After the Electrical Exhibition closed in October 1908 the City Council started a programme of public works to relieve severe unemployment and the subsequent distress.
The Platt Estate grounds were in a poor & un-drained condition. Gore Brook was carrying large quantities of sewage which lay on the brook side and was foul smelling.
Through the winter some 720 men laboured in the park. They had been chosen from The Corporation Employment Registry, preference being given to men with families.
These 'Distress Works' cost £50,000.00 and stopped in April 1909. Further work was needed to make the park grounds safe for the public and this commenced in May.
Altogether 56 acres were drained, the brook was lined with brick so that any future waste would be carried away, 3.5 miles of footpaths were constructed, nearly 40 acres of turf laid, trees & shrubs planted and the boating lake built. This involved excavating earth over 6.5 acres, piling most of the waste in the centre to create the 1acre sized island.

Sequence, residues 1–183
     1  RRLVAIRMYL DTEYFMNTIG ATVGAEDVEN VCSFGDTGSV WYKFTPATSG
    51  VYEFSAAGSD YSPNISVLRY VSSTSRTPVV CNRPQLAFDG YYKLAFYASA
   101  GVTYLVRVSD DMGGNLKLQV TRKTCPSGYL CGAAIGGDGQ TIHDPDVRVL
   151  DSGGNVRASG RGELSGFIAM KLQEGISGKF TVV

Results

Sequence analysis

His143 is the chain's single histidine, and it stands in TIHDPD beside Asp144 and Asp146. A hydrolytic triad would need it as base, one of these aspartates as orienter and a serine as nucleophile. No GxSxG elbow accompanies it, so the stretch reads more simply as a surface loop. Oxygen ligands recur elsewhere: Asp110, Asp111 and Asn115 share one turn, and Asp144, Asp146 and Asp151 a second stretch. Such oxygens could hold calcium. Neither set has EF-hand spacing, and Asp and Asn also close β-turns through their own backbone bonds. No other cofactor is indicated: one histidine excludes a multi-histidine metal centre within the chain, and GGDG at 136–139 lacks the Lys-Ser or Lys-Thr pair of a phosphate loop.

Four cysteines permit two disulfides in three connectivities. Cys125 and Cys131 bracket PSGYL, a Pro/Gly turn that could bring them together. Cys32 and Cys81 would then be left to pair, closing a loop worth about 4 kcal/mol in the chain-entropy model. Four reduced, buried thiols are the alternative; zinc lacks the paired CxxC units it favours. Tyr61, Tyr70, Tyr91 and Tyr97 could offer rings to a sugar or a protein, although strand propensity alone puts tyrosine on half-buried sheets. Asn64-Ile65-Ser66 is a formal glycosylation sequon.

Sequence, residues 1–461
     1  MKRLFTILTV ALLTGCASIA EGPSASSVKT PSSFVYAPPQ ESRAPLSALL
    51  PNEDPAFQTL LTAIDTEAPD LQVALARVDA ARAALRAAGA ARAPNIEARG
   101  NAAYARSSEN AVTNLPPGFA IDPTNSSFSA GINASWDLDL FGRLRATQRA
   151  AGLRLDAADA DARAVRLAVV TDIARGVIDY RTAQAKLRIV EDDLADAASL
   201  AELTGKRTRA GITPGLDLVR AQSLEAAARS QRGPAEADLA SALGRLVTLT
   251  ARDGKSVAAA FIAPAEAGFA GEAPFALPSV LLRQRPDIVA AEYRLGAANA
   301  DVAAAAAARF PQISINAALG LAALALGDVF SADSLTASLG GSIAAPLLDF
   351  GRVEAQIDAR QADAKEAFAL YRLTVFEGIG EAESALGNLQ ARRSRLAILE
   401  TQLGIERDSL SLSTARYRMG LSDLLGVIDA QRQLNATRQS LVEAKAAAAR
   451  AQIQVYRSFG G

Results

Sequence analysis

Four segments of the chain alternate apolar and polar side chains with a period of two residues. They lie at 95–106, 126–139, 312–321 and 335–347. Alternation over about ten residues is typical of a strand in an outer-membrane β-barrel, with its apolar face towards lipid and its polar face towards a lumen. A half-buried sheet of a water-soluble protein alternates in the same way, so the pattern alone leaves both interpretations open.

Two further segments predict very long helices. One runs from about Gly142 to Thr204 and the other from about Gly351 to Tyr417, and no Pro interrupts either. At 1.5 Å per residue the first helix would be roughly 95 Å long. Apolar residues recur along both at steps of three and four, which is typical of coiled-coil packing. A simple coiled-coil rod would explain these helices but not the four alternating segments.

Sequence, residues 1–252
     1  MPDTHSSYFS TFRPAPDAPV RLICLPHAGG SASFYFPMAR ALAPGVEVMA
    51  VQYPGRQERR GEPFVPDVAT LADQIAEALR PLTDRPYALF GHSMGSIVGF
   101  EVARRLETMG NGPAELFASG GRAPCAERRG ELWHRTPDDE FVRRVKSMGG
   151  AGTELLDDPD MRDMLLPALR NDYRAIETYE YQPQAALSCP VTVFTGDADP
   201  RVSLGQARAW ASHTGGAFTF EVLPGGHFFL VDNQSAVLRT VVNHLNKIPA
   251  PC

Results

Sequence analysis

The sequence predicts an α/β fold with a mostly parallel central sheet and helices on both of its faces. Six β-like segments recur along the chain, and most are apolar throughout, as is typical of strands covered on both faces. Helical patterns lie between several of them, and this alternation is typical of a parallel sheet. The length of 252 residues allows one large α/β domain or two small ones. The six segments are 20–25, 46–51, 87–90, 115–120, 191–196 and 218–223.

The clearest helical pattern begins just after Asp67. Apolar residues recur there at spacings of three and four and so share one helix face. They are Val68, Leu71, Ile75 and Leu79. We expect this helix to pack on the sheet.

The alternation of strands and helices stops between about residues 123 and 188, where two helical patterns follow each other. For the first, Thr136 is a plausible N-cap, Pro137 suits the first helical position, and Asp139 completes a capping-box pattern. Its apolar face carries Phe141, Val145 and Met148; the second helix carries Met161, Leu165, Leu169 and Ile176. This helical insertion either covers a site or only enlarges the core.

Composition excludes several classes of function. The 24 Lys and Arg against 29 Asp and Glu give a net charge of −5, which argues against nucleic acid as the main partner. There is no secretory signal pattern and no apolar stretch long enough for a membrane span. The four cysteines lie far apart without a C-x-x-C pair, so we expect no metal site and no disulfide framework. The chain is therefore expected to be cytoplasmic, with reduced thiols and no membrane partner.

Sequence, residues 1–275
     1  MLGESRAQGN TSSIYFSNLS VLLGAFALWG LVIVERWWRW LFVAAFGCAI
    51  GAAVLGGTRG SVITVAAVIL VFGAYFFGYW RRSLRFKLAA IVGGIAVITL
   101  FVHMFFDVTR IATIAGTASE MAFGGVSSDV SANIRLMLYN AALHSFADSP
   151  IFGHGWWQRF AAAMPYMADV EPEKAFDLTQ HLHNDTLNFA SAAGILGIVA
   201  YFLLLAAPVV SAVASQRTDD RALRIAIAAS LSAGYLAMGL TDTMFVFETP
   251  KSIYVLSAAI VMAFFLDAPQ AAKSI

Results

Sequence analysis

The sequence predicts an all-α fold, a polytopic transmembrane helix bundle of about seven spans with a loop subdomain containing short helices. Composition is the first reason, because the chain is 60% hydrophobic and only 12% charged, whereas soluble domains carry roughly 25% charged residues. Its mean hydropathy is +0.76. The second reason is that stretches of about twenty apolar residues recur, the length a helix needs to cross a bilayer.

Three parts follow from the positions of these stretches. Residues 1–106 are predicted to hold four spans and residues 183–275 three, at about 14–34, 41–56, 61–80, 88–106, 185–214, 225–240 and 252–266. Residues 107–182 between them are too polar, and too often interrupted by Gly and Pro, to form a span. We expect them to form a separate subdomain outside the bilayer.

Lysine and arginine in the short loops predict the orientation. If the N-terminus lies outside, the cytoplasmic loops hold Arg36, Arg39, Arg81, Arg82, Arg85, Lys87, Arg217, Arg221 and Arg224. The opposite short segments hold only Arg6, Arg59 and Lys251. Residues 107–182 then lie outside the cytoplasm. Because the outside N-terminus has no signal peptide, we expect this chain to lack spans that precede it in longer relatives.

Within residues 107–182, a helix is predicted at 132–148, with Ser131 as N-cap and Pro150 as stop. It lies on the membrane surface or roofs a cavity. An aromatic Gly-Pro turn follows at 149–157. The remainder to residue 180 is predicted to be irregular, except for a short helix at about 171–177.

Finally the park was safe for the public to use. There were extensive areas for playing games and a pond for children.
A new road was built, called Grangethorpe Road and this was the principal access to the Park & Lake.
The paragraph below is taken from the Souvenir Opening Programme.
'The chief object the Committee had in view, in addition to the primary one of providing work for the relief of distress, was to utilise the greatest possible space as playing ground, where games of cricket, football, etc., may be enjoyed with freedom by large numbers. The older members of the community, to whom a quieter mode of recreation may appeal, have not been forgotten, and it. is hoped that the good wide walks, the lake with its surroundings, the seats, the sheltered and well-placed bowling greens, etc., may afford to them also means of recreation and much enjoyment with the attendant blessings of improved health.'